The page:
Colorado-Federal Agencies Jared Polis

FILE - In this Friday, Jan. 29, 2021, file photo, Colorado Gov. Jared Polis makes a point during a news conference at the Governor's Mansion, in Denver. Polis is urging the Biden administration to keep the headquarters of two key U.S. government agencies in Colorado, arguing that the U.S. Space Command and the Bureau of Land Management serve the nation's interests better if they stay where they are. (AP Photo/David Zalubowski, File)

Colorado on Saturday will begin to ease coronavirus restrictions that have sharply curtailed capacities for restaurants, gyms and other businesses, a change hailed by Pikes Peak region officials as a sign of a budding recovery.

Gov. Jared Polis, in a Friday news conference, said the update, which is dubbed “Dial 2.0” and is set to go into effect at 9 a.m. Saturday,  is a “more responsive tool that will allow counties to swiftly move up or down based on their needs.”

Dial Map

Map legend: Blue = maximum of 75 cases per 100,000; Yellow = maximum of 175 cases per 100,000; Orange = maximum of 350 cases per 100,000; Red = above 350 cases per 100,00.

Restaurant and gym capacity in El Paso County will, as of Saturday, Feb. 6, 2021, go up from 25% or 50 people to 50% or 50 people. Restaurants with larger spaces could be allowed 150 people with social distancing

El Paso and Teller counties will move from Orange to Yellow on the state Department of Public Health and Environment's COVID-19 dial Saturday allowing restaurants, gyms and other businesses to increase how many customers can gather at one time, news releases said. For example, restaurant and gym capacity will go up from 25% or 50 people to 50% or 50 people. Restaurants with larger spaces could be allowed 150 people with social distancing. 


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El Paso County Commissioner Stan VanderWerf welcomed the change and the opportunity it offers businesses. He also called on residents to continue abiding by safety protocols so the community can continue moving toward more relaxed restrictions safely. He is looking forward to a far more normal second half of 2021 as vaccinations roll out and cases continue declining, he said. 

"I am excited for the entire state of Colorado, but especially for El Paso county. ... Better days are coming and they are not a long time away," he said.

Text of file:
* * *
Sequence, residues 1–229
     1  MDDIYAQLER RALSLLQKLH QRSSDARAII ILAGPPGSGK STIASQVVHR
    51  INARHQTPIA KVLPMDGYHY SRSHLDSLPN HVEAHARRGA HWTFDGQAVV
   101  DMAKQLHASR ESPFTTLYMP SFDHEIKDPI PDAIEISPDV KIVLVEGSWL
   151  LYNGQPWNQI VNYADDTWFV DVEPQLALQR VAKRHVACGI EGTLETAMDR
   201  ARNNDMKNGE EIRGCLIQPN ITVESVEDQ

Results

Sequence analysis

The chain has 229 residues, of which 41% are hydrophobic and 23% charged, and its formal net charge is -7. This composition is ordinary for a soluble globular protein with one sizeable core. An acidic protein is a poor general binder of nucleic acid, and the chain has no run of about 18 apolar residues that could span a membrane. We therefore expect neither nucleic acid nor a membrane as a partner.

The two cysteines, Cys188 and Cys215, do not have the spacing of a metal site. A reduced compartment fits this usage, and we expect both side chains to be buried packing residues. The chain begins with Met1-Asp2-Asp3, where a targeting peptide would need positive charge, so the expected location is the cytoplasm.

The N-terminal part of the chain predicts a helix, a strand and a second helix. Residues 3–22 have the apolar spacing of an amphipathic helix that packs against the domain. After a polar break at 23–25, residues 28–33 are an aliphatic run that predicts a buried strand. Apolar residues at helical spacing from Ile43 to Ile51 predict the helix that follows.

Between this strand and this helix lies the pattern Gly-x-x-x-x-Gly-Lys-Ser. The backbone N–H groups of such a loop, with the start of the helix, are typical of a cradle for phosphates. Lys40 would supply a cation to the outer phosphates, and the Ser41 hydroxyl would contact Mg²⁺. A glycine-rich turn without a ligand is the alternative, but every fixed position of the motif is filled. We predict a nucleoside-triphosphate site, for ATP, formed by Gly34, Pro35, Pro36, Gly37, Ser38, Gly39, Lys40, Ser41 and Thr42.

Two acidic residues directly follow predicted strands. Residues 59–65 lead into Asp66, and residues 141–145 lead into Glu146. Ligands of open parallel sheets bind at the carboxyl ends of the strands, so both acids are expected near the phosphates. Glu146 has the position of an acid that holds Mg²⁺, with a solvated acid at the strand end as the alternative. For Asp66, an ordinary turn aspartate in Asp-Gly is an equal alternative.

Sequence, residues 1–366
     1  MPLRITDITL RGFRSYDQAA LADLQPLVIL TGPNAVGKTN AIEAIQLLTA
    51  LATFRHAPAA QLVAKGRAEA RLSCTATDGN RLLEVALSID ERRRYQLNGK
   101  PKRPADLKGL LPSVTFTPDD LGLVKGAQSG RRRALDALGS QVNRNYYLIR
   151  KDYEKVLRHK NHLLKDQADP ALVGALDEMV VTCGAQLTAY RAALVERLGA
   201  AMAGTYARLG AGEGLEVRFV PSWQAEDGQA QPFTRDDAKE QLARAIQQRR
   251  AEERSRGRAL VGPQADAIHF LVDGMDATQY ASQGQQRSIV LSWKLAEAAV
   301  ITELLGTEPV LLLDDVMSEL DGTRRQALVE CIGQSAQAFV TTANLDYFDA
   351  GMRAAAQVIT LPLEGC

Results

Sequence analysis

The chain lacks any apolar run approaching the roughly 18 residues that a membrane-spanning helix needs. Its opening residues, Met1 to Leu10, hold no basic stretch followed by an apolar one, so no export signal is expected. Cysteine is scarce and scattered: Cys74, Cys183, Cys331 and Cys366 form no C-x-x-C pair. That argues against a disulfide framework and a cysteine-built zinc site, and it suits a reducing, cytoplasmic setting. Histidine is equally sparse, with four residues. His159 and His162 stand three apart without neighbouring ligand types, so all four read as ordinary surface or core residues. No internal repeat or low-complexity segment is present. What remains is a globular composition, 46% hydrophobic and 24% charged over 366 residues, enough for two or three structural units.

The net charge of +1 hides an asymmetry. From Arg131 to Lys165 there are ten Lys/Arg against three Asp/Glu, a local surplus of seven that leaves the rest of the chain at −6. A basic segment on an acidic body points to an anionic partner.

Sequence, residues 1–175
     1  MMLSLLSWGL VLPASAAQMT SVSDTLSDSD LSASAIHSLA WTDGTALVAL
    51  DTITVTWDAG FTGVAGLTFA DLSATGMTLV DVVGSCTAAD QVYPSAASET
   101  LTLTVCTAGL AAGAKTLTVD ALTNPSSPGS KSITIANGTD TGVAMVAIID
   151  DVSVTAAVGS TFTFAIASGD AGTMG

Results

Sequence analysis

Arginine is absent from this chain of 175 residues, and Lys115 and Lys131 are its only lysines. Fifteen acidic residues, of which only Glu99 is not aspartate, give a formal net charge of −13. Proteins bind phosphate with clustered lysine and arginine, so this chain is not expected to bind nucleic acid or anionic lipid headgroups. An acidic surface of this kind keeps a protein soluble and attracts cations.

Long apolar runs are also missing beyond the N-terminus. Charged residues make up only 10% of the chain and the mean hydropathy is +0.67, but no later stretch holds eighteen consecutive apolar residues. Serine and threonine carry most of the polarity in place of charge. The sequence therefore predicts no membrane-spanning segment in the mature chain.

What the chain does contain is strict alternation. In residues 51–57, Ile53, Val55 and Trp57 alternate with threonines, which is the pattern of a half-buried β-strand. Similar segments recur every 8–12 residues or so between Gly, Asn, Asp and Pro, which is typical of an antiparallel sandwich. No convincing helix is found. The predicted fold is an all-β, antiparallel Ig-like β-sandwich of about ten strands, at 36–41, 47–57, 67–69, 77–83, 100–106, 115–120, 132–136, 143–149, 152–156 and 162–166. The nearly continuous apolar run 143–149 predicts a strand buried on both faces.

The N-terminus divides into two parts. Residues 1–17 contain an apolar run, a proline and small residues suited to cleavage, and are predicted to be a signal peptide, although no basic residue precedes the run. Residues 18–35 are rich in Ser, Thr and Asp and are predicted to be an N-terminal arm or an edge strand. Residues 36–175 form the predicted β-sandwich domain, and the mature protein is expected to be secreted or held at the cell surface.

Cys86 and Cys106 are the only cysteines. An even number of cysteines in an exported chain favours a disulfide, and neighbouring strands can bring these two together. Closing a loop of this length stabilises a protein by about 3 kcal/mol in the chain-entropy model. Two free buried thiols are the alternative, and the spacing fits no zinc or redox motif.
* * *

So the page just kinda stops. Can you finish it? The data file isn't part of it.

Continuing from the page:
The change in the dial to some degree makes the 5-star program, launched earlier this week and meant to allow restaurants to operate at higher capacities, moot. Normally, the program would allow restaurants who implement safety precautions such as placing tables apart or upgrading ventilation to increase capacity to the next less restrictive level on the dial, in this case Blue. But business can't operate under level Blue restrictions until 70% of 70-year-olds statewide are vaccinated with at least one dose, an El Paso County news release said. 

However, the certification program could offer businesses some assurances it could keep its higher capacity, if the county were to see a spike in COVID-19 cases and tighter restrictions were implemented, said Ryan Parsell, a spokesman with El Paso County. The county has received 20 to 30 applications so far for the 5-star program, he said. 


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The dial determines the capacity limits under which businesses in each county must operate and will continue to range from Levels Green to Purple. But it features a number of changes including:

  • Increasing the frequency of new cases for Levels Blue, Yellow and Orange from a maximum of 75, 175 and 350 cases per 100,000, respectively, to a maximum of 100, 300 and 500 cases per 100,000. The new case frequency to qualify for Level Red is increasing from more than 350 cases per 100,000 to more than 500 per 100,000

  • Decreasing requirements for positivity rates for Levels Yellow and Orange from 10% and 15%, respectively, to 7.5% and 10%

  • Shifting the focus on hospitalizations from local hospital capacity to the number of hospitalized county residents

  • Reducing the 14-day benchmark used to gauge incidence rate, percent positivity of testing and resident hospitalizations down to seven days

  • Granting flexibility on positivity and incidence rates to counties with populations under 20,000

A preliminary map shared by CDPHE Executive Director Jill Ryan showed those changes will shift a majority of counties down at least one level. Under the current dial, Hinsdale County sits at Level Blue, nine others are at Level Yellow  and the remaining 54 counties are in at Level Orange. The new dial would shift 21 counties to Level Blue and 33 to Level Yellow while only 10 Western Slope counties will remain at Level Orange.

While the metrics used to determine counties’ level on the dial may be shifting, the restrictions in place at each level are largely unchanged. The only major changes comes to caps in restaurants for counties in Level Yellow, which Ryan said will be raised to50 % capacity or 150 people.

Otherwise, capacity limits and school settings for each level will remain in place, as will relaxed restrictions through the state health department's 5-Star State Certification Program, which allows businesses that comply with enhanced safety protocols to operate one level down on the dial. But those businesses in counties in Levels Yellow or higher won’t be able to operate at Level Blue until 70% of 70-year-olds in the state are vaccinated with at least one dose.

It’s the first change to the dial since November, when Polis added a Level Purple. Polis said he anticipated another update to the dial in the coming months “that goes further to tie it into a percentage of folks in different demographics that are vaccinated.” 

The Gazette's Mary Shinn contributed to this report.


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